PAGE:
John Howard Reid
They don't make them like they used to do. And reading through this compendium of some of the best "mystery, suspense, film noir and detective movies on DVD" reminded me of that.
In many cases, these films were made under the studio system, whereby the scripts were tailored to the actors' strengths and personalities. This is one reason why many of the old films were so good.
The author has brought together outlines of hundreds of them, each complete with a cast list, the major production staff, copyright and release notices, story synopsis, and his own personal comment about the film.
Also embellishing some of the outlines are dozens of black-and-white photos, as well as a lengthy but well-written article on "noir, crime and mystery". Several other shorter articles are included, aimed at those interested in the genres--the best Sherlock Holmes, and Raymond Chandler as adapted for the movies, for example.
Reid has done a marvelous job putting these all together, thus taking a lot of the legwork out of trying to locate these movies for our viewing pleasure--he includes a small list of DVD suppliers where many of these films can be purchased at very reasonable prices.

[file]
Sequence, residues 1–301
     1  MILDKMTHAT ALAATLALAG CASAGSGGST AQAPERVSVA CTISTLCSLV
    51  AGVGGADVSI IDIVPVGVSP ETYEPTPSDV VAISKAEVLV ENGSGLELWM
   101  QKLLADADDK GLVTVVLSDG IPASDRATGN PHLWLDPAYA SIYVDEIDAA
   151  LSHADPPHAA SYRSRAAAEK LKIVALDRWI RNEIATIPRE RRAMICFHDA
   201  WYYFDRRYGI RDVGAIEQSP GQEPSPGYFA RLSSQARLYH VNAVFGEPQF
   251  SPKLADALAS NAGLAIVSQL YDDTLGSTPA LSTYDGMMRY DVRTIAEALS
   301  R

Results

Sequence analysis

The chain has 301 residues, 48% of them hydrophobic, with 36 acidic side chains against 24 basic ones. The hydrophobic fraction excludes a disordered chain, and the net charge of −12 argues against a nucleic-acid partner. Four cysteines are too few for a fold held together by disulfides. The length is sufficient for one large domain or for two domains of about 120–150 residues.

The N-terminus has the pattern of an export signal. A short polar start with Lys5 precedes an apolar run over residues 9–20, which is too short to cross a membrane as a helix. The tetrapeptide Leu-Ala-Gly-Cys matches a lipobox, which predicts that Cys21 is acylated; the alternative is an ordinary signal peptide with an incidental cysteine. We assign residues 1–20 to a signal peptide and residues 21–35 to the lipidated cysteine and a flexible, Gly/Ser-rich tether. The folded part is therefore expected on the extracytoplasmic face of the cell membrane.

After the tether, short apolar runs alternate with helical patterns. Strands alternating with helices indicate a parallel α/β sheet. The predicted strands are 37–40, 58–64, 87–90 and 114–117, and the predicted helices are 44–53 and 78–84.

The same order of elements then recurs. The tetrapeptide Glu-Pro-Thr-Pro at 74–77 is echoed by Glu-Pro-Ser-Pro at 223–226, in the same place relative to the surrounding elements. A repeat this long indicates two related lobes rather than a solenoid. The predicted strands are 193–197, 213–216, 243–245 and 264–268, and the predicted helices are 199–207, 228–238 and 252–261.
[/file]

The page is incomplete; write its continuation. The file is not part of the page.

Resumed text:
Many titles will be familiar; for example, The Maltese Falcon. However, those same people who recognize it might not realize that there were at least four adaptations of Dashiell Hammett's 1929 five-part serial; two of the movies are included in the book, one starring Ricardo Cortez, the other with Humphrey Bogart.
Other titles, of course, won't be so familiar.
There are some fascinating anecdotes, too. For example, for the movie Odd Man Out, "director Carol Reed asked the composer to write the score from the shooting script and record it, so that [James] Mason could walk in time to the beat". Such tidbits encourage readers to find copies of the films in order to see for themselves how they accomplished things.
So, for the lover of vintage thriller movies, this book would make an ideal and extremely informative purchase.